Another planned deer cull in Ann Arbor continues to generate controversy. Last winter, 63 animals were killed in an effort to thin the herd in the city. This year, city council has authorized the killing of up to 100 more animals and the sterilization of up to 60 female deer. That plan was approved on a 9-2 vote. David Fair’s guest on this week’s edition of WEMU’s "Issues of the Environment" is Mayor Christopher Taylor, who voted against the cull.
* Presently in Ann Arbor, there are few issues more divisive and contentious than the deer cull. Last winter’s cull 63 deer were safely killed by sharpshooters in city’s parks and natural areas.
* Those who favor the cull say the deer are overpopulating the city, which diminishes the value of natural areas, native flora and fauna, and is unhealthy for the deer. In addition, they point out that the first cases of Lyme disease were confirmed in the county this year, and deer-related traffic issues have increased with population.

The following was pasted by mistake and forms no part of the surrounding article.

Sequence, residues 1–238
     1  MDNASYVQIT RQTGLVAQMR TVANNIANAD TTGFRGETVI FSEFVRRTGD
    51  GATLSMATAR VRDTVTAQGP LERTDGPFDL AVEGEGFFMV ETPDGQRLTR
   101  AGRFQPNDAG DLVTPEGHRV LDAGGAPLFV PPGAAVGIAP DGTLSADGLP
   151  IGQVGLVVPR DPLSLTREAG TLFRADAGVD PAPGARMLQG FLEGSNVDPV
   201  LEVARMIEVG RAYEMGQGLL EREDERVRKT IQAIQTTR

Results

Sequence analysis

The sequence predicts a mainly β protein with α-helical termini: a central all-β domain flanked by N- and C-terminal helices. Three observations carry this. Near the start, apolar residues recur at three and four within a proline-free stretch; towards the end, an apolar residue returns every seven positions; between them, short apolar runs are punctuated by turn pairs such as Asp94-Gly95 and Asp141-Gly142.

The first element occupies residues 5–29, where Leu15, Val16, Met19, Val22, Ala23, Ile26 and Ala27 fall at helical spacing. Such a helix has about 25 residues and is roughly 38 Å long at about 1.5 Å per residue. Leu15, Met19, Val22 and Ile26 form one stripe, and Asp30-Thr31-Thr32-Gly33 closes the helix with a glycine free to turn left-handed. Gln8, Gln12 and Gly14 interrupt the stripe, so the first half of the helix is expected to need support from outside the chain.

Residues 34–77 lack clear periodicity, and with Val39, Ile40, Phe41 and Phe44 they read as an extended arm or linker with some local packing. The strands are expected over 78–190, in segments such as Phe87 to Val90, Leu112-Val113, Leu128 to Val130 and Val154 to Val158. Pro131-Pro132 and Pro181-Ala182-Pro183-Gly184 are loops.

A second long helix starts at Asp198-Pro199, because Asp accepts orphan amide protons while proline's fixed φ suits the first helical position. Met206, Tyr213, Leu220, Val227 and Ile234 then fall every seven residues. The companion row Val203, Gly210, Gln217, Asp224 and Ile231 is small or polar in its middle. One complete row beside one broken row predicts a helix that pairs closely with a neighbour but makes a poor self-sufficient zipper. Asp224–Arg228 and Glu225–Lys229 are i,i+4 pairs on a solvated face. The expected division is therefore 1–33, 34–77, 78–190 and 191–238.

* The opposition, primarily the Humane Society of the United States and the HSHV to a lesser degree, feel that hunting deer is inhumane, especially in natural areas and parks. In addition, there are people living in areas near the culls that don't like the idea of firearms in the city limits.
* From the start, Ann Arbor Mayor Christopher Taylor has maintained a position of opposition to the cull, and this year only Chip Smith, D-5th Ward, voted against it with him. This year, the city has chosen to spend $153,940 contract with White Buffalo Inc. to kill up to 100 deer in parks and nature areas and to dart and sterilize up to 60 female deer in neighborhoods where sharpshooting cannot occur.